Crossover Symmetry Review

50 Words or Less

Crossover Symmetry is a great system for protecting and strengthening your shoulders.  Easy to set up and use even with limited space.


Crossover Symmetry bills itself as “the shoulder system proven to eliminate pain and optimize performance.”  Given the importance of the shoulders, not only in golf but in life, this certainly got my attention.  I added Crossover Symmetry to my normal fitness routine for three weeks to see if the claims are true.

Set Up & Ease of Use

A major part of Crossover Symmetry’s appeal is the ease of use and the ability to set it up anywhere.  There are three different mounting systems: one for a door, one for a squat rack, and one that mounts to the wall.  Installing the wall mounts take a little work, but the other two systems go up in a couple minutes.  I was particularly impressed by the door mount, and it has become the set up that I use in my home.  Where many fitness products demand huge commitments of floor space, Crossover Symmetry requires virtually none.

Once you have the mounts and straps in place, the exercise card (below) shows you exactly what to do.  It shows fourteen different exercises with three variations for each: activation, activation plus, and recovery.  The card also recommends a tension level for each exercise which I found to be a good starting point.  You can find even more exercises and routines in the training manual and in the online Training Zone.


The timing of this review ended up being perfect, for unfortunate reasons.  I’ve been getting back into Super Speed training after a winter layoff, and it’s caused some discomfort and popping in my right shoulder.  This was a perfect opportunity to test Crossover Symmetry’s effectiveness.

I added Crossover Symmetry as a warm up before practice and Super Speed sessions and in place of some of my normal weight lifting on shoulder days.  The morning after my first workout let me know that I was using some new muscles – I was really sore!  After the initial workout, I didn’t experience much soreness but it still provided a quality burn.

It didn’t take more than a couple workouts to start seeing and feeling the results.  The popping in my shoulder ceased immediately as did the discomfort.  I’ve also been able to move to heavier bands on some of the exercises, and I’m seeing gains in my other lifting as well.  Finally, there’s more definition in my shoulders and upper back.  In short, I’m hooked on Crossover Symmetry because it delivered exactly what I wanted in very short order.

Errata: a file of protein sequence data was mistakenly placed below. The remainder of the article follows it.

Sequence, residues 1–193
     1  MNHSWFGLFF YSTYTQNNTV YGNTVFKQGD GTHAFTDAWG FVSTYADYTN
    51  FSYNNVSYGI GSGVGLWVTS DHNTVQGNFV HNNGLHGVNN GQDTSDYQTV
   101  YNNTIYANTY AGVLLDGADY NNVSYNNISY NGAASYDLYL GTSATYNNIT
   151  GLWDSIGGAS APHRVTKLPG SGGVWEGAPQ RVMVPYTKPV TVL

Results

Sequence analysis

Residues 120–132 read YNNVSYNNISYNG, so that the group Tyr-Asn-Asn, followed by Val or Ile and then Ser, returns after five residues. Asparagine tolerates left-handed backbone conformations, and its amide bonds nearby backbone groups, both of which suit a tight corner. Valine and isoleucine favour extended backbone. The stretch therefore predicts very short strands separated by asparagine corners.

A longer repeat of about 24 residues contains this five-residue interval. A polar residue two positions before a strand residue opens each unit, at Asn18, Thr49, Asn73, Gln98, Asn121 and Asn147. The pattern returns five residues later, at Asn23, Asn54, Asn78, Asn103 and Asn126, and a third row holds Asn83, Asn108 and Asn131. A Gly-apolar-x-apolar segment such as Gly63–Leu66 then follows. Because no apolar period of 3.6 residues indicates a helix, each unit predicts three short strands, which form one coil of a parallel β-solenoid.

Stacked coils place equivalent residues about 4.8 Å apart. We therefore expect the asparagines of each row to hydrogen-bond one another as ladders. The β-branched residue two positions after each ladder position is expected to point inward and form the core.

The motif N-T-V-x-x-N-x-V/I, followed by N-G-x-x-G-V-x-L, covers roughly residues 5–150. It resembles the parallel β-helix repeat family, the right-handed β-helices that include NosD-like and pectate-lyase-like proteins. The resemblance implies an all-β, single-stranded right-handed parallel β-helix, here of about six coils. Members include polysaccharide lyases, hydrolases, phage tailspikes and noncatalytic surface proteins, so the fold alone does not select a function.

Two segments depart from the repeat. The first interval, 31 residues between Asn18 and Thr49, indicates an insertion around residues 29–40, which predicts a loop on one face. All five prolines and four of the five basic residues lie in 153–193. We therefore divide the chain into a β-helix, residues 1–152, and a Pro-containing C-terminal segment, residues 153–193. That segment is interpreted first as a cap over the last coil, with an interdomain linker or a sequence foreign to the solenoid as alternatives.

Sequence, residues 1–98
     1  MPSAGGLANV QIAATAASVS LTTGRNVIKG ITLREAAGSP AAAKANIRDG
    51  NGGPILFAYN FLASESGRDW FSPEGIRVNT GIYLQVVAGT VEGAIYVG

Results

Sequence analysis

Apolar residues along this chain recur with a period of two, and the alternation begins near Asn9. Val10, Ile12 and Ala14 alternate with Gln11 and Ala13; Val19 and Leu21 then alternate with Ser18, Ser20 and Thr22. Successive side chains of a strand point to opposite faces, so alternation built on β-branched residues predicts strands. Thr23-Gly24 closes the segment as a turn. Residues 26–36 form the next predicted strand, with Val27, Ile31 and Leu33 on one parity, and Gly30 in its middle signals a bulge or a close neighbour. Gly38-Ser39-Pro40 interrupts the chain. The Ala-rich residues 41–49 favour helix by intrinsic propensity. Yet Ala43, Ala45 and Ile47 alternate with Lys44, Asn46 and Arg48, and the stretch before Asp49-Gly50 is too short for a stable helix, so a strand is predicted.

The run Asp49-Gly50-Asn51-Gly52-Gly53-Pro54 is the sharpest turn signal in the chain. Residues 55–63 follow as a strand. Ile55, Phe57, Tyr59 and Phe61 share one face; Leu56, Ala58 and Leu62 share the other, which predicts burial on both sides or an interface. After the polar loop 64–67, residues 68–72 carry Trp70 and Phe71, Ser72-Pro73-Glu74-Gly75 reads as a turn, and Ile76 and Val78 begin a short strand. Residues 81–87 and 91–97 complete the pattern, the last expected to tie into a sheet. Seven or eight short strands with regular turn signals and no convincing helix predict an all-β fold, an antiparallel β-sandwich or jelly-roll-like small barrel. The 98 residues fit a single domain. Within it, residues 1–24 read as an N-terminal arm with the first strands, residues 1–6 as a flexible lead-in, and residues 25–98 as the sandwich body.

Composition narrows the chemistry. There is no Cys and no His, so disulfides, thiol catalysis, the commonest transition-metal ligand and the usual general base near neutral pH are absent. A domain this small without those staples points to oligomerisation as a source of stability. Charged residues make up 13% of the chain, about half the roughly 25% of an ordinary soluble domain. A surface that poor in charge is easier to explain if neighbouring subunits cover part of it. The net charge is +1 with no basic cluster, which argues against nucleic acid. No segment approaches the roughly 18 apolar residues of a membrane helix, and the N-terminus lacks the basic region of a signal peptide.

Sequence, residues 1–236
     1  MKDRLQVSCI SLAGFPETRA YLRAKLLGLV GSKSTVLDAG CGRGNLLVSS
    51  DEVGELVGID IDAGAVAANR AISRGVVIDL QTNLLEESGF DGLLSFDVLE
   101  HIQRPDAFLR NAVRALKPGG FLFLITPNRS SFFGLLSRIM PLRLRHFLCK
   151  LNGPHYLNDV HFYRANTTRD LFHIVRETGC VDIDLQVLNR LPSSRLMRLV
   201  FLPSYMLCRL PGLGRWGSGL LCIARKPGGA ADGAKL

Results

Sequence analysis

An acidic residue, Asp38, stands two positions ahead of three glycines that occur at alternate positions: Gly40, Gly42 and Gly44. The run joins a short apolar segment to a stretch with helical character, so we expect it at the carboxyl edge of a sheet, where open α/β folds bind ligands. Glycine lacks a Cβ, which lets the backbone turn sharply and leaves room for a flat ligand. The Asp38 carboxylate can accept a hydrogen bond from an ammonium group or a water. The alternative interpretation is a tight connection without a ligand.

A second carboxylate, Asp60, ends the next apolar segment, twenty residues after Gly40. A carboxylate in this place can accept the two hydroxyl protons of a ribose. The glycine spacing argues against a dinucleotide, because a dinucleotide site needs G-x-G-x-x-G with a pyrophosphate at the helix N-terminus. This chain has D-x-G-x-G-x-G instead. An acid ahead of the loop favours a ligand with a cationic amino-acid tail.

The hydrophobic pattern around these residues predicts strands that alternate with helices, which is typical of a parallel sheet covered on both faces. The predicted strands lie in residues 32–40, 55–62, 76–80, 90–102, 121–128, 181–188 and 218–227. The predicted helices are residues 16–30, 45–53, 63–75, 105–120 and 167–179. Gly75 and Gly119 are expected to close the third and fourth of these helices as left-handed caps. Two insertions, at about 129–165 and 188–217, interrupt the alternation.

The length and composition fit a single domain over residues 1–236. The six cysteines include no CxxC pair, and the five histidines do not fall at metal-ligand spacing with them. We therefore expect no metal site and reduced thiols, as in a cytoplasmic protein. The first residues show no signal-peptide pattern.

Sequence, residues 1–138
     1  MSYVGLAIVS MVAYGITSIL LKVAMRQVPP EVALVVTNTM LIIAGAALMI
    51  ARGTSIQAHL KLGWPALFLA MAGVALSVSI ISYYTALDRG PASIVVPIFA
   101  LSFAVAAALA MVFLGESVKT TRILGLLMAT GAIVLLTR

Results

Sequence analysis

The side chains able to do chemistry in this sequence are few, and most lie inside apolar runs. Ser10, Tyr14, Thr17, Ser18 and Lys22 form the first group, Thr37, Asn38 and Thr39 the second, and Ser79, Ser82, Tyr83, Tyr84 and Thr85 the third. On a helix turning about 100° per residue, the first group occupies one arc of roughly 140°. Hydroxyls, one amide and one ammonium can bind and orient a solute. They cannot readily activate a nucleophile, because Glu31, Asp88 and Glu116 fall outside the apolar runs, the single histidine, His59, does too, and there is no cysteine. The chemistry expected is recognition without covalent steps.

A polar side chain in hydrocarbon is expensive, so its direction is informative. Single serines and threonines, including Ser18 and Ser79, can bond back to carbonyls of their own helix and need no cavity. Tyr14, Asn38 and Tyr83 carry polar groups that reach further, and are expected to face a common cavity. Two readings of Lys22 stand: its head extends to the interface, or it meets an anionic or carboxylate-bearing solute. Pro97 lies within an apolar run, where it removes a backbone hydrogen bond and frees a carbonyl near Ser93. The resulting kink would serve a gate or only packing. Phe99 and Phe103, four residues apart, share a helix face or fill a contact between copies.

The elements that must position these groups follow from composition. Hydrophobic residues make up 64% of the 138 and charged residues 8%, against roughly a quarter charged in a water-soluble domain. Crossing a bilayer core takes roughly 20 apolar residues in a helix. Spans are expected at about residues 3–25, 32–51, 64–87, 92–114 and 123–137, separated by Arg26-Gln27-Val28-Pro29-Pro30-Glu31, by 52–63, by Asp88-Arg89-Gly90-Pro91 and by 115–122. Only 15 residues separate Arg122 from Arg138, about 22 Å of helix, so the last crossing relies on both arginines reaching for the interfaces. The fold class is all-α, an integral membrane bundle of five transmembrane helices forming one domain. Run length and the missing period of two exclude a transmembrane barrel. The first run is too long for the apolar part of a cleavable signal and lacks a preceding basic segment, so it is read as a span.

With a wide variety of packages and accessories, you can spend a little or a lot on Crossover Symmetry (support PluggedInGolf, buy it HERE).

Pictured here is the Deluxe package.  It costs $380 and has everything: all six pairs of bands, mounts, and training materials.  If you have the cash and are serious about training, it’s great to have all the different bands.  I have found some exercises where I can use the 40 lb bands and others where the 3 lb bands are best.

I would suggest most people start with one of the $190 packages that includes the manuals, mounts, and two pairs of bands.  This will get you started, and you can add other bands for $45/pair as you get stronger.

Finally, I would strongly recommend that you start a level below what your ego wants to buy.  The whole idea here is that you’re working muscles that are underutilized.  You’re much better off using a lighter tension safely and correctly than having to jerk and cheat your way through the workout with bands that are too heavy.


Whether you’re looking to alleviate shoulder pain or prevent it, Crossover Symmetry is a solution that I can’t recommend highly enough.  This is a system that can fit into any home, schedule, and budget, and it works as promised.

Buy Crossover Symmetry HERE

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Matt Saternus

Founder, Editor In Chief at
Matt is the Founder and Editor in Chief of Plugged In Golf. He's worked in nearly every job in the golf industry from club fitting to instruction to writing and speaking. Matt lives in the northwest suburbs of Chicago with his wife and two daughters.

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